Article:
Although the DiscoveryHold, Purges, and Versions folders aren't visible to the user, all items in the Recoverable Items folder are indexed by Exchange Search and are discoverable using In-Place eDiscovery. After a mailbox user is removed from In-Place Hold or Litigation Hold, items in the DiscoveryHold, Purges, and Versions folders are purged by the Managed Folder Assistant.
Holds and mailbox quotas
Items in the Recoverable Items folder aren't calculated toward the user's mailbox quota. In Exchange, the Recoverable Items folder has its own quota. For Exchange, the default values for the RecoverableItemsWarningQuota and RecoverableItemsQuota mailbox properties are set to 20 GB and 30 GB respectively. To modify these values for a mailbox database for Exchange Server, use the Set-MailboxDatabase cmdlet. To modify them for individual mailboxes, use the Set-Mailbox cmdlet.
When a user's Recoverable Items folder exceeds the warning quota for recoverable items (as specified by the RecoverableItemsWarningQuota parameter), an event is logged in the Application event log of the Mailbox server. When the folder exceeds the quota for recoverable items (as specified by the RecoverableItemsQuota parameter), users won't be able to empty the Deleted Items folder or permanently delete mailbox items. Also copy-on-write won't be able to create copies of modified items. Therefore, it's critical that you monitor Recoverable Items quotas for mailbox users placed on In-Place Hold.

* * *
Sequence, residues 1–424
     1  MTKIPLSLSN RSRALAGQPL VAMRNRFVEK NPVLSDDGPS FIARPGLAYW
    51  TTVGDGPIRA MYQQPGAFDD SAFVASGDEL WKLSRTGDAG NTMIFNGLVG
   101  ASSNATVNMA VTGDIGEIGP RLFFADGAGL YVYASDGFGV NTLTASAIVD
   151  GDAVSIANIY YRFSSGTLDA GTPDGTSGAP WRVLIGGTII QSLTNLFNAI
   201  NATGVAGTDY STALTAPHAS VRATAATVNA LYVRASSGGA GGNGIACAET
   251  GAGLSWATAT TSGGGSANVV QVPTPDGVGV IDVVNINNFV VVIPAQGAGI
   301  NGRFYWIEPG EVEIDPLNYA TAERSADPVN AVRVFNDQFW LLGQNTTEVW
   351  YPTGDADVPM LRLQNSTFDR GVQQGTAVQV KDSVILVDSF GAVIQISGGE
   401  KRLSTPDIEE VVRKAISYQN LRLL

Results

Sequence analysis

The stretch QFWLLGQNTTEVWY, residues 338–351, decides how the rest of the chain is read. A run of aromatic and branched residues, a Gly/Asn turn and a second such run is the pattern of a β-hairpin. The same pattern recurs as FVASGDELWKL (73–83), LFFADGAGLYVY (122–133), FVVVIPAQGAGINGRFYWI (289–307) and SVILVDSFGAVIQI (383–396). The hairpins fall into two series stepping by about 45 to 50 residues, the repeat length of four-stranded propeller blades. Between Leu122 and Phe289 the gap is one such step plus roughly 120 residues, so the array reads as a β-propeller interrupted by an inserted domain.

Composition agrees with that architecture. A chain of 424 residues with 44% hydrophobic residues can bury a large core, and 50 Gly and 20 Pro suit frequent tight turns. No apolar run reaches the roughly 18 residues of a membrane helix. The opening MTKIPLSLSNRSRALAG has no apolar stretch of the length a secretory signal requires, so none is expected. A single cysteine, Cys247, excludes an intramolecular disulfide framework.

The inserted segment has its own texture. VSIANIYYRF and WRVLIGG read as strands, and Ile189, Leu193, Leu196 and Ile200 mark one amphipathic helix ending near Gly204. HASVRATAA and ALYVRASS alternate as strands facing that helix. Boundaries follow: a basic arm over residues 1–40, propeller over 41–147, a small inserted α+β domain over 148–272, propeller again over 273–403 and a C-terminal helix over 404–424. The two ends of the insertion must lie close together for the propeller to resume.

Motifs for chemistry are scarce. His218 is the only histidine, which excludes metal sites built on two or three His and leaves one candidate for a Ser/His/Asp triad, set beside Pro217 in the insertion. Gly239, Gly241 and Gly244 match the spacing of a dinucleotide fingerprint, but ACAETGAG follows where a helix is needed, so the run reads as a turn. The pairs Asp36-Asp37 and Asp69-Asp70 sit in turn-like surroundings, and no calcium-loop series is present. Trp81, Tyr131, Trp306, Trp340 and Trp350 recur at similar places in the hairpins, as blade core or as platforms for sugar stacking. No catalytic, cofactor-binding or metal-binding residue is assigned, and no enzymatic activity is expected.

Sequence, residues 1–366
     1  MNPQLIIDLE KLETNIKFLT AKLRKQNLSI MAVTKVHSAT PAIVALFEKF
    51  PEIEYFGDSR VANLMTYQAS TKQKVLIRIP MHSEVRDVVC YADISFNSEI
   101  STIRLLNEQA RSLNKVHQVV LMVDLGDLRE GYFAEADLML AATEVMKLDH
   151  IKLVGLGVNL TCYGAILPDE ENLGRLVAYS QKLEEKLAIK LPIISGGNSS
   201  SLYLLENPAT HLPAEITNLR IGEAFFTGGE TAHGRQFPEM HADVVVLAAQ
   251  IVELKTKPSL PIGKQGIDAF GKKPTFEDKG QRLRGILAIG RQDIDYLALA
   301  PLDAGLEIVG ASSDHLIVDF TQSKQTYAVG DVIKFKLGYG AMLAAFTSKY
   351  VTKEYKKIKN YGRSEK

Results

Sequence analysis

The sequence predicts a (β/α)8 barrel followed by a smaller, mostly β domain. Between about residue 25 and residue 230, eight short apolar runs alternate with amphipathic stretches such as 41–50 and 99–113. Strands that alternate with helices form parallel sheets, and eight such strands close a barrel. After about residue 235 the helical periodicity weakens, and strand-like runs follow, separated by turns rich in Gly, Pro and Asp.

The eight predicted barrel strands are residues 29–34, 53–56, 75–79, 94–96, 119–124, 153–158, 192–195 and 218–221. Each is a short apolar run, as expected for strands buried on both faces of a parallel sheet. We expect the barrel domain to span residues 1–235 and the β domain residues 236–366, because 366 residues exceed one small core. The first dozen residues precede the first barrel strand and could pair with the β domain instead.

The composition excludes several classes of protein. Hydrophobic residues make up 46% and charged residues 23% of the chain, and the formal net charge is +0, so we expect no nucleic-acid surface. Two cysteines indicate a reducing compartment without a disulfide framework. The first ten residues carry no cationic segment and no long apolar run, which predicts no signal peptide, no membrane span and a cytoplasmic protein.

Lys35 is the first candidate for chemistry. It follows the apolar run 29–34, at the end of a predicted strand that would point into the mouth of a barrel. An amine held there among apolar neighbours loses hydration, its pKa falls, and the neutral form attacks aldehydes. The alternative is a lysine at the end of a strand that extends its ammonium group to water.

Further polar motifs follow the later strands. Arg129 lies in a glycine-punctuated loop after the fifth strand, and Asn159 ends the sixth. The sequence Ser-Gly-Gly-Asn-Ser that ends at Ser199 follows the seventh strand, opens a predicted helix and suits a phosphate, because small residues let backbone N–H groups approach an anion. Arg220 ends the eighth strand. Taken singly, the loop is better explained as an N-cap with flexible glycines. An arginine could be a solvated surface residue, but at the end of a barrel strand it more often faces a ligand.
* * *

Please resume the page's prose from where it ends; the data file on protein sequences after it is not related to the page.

In Exchange Online, the quota for the Recoverable Items folder (in the user's primary mailbox) is automatically increased to 100 GB when you place a mailbox on Litigation Hold or In-Place Hold. When the storage quota for the Recoverable Items folder in the primary mailbox of a mailbox on hold is close to reaching its limit, you can do the following things:
Enable the archive mailbox and turn on auto-expanding archiving: You can enable an unlimited storage capacity for the Recoverable Items folder simply by enabling the archive mailbox and then turning on the auto-expanding archiving feature in Exchange Online. This results in 100 GB for the Recoverable Items folder in the primary mailbox and an unlimited amount of storage capacity for the Recoverable Items folder in the user's archive. See how: Enable archive mailboxes in the Office 365 Security & Compliance Center and Enable unlimited archiving in Office 365.